American Medical Association wants to ban ads for drugs

The American Medical Association is calling for a ban on advertising of prescription drugs to patients, saying “a growing proliferation of ads is driving demand for expensive
treatments despite the clinical effectiveness of less costly
alternatives.”

The vote by the nation’s leading organization for physicians also reflects “the role that marketing costs play in fueling escalating drug
prices,” AMA Board Chair-elect Patrice A. Harris said.
“Direct-to-consumer advertising also inflates demand for new and more
expensive drugs, even when these drugs may not be appropriate.”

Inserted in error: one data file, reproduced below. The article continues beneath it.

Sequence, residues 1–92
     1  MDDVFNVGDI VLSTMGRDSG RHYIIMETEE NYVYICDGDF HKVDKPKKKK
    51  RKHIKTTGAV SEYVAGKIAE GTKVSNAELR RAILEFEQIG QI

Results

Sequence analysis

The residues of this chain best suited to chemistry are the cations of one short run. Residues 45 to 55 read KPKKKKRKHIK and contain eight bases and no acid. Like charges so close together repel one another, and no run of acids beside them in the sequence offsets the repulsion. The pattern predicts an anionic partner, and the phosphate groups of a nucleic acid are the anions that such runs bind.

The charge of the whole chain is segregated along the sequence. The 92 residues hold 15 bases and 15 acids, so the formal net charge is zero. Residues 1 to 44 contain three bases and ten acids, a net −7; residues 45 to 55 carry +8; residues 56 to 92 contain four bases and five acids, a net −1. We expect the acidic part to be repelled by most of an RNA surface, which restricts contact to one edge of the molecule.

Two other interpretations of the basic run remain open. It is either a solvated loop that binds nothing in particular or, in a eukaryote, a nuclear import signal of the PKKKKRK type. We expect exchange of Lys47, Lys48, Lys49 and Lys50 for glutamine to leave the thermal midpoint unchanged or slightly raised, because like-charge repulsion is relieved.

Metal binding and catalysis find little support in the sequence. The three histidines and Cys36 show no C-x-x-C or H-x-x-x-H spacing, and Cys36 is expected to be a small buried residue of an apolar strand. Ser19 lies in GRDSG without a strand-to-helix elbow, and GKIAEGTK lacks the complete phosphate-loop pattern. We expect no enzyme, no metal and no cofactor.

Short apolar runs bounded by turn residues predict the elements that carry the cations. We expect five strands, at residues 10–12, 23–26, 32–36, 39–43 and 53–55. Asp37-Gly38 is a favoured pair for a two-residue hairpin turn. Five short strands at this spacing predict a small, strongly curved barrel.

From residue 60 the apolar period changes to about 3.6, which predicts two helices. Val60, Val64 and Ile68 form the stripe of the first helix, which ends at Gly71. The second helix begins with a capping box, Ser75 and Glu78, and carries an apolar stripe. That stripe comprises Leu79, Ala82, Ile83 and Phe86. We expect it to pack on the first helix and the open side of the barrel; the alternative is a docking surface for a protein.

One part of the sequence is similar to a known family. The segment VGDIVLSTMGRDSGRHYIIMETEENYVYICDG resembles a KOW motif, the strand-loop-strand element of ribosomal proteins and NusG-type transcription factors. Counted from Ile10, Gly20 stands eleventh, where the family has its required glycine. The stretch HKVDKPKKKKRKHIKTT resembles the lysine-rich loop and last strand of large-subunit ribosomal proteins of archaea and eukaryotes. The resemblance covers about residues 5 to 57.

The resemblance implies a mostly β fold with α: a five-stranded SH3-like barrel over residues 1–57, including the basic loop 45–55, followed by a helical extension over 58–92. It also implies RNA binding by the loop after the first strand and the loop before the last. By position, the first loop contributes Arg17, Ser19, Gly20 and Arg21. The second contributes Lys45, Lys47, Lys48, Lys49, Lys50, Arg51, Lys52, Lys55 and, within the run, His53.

An AMA news release said the U.S. and New Zealand are the only two nations that allow “direct-to-consumer advertising of prescription drugs.
Advertising dollars spent by drug makers have increased by 30 percent in
the last two years to $4.5 billion, according to the market research
firm Kantar Media.”

The advertising ban was suggested as part of a policy package aimed at making prescription drugs more affordable. “The AMA will encourage actions by federal regulators to limit
anticompetitive behavior by pharmaceutical companies attempting to
reduce competition from generic manufacturers through manipulation of
patent protections and abuse of regulatory exclusivity incentives,” it said. “The AMA will also monitor pharmaceutical company mergers and acquisitions, as well as the impact of such actions on drug prices.”

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